A Healthy Lifestyle Requires Both Smart Food Choices and Exercise, New Study Shows

Regular exercise comes with numerous benefits, from a reduced risk of disease to stronger bones and muscles to improved brain health and cognitive functioning, but a new study published in the British Journal of Sports Medicine shows that exercise alone doesn’t ensure good health.

The study examined the relationship between diet and exercise, and how they can affect mortality rates over time. Using a population-based sample from the U.K. Biobank, researchers analyzed medical and health information from over 350,000 British adults, all of whom were deemed healthy at the onset of the study.

Through questionnaires, participants self-reported information related to their weekly physical activity routines and eating habits. Physical activity was measured in total minutes spent walking or engaging in other types of exercise. Eating habits were organized into categories based on the quality of the foods consumed. For example, a high-quality diet included at least five portions of fruit and vegetables every day, two portions of fish per week, less than two servings of processed meats per week, and no more than five servings of red meat per week. It’s also important to note that the questionnaire didn’t address “discretionary eating,” which includes snacking, soft drinks, and dessert.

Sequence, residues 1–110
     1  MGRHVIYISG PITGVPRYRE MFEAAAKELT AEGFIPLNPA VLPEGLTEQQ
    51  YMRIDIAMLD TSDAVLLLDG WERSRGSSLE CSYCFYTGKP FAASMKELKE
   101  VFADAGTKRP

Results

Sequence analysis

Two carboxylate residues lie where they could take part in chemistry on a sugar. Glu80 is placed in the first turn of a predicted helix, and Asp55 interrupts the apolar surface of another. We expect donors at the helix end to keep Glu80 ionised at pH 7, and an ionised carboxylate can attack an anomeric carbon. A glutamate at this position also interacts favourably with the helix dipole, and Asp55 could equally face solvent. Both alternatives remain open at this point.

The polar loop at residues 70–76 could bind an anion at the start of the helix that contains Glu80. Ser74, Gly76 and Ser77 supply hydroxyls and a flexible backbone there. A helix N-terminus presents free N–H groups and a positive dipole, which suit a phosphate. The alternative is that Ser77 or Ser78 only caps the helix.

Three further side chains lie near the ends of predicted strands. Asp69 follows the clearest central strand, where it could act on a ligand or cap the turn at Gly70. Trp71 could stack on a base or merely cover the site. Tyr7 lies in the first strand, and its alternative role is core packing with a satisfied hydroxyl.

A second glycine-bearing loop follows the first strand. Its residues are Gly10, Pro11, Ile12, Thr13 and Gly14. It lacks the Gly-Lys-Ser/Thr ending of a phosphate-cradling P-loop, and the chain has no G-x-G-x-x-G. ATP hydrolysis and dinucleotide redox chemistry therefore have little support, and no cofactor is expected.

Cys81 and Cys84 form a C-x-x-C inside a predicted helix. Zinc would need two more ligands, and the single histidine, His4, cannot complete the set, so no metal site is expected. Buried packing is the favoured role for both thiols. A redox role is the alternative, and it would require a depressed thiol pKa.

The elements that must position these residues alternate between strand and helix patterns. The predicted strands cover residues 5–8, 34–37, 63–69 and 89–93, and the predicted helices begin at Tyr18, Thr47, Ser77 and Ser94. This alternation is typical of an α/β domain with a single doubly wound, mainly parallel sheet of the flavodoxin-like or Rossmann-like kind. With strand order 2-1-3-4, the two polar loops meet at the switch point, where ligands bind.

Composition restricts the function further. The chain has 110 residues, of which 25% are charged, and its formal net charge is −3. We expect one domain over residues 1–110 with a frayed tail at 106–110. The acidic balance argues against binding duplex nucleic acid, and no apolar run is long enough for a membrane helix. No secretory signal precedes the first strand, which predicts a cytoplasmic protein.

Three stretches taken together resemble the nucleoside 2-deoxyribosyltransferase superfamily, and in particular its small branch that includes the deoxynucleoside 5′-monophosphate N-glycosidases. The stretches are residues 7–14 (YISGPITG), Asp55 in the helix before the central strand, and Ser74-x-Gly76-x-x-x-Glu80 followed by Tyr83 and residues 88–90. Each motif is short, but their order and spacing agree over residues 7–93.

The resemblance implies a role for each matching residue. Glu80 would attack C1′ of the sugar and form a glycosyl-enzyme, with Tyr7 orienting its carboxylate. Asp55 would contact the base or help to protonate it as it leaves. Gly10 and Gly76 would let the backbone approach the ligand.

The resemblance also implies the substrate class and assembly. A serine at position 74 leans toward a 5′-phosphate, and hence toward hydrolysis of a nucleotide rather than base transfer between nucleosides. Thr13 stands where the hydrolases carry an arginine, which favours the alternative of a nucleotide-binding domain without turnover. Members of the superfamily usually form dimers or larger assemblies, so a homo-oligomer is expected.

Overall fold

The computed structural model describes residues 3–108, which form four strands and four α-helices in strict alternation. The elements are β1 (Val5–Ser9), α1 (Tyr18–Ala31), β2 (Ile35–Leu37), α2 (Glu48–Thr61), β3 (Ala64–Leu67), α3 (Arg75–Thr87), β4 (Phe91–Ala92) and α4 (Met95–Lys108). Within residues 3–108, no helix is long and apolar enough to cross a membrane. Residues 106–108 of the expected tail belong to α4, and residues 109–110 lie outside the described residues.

The results of the study showed that people who consumed high-quality foods and exercised regularly reduced their risk of dying from heart disease by 19 percent and from certain cancers by 27 percent, as well as reduced their overall mortality risk by 17 percent. The more physically active group also had a lower mortality risk, but this depended largely on the intensity of their workouts.

While these results are encouraging, the data did not show that exercise alone can offset the negative impact of poor food choices or that healthy food choices could negate the effects of lack of exercise. The study concluded that to reduce overall mortality risk, one must consume a high-quality diet that includes more whole foods and less red/processed meat, while also incorporating regular physical activity into one’s weekly routine.

A holistic approach to wellness that includes multiple health behaviors is key to maintaining a  healthy lifestyle. The good news is that making adjustments to your diet or physical activity routine doesn’t have to be disruptive. The Meatless Monday Challenge is a 12-week email series that introduces participants to plant-based recipes, shopping tips, and cooking techniques to help easily incorporate more plant-based foods into a diet. To engage in more physical activity during the week, try the Move It Monday Fit in Fitness Package, which includes a bunch of simple movements and low-intensity exercises that can help a person transition to a more active lifestyle, regardless of age or ability level. By easing into healthy habits this Monday, and recommitting to them at the start of each week, a person can develop a more consistent routine, and enjoy greater long-term benefits.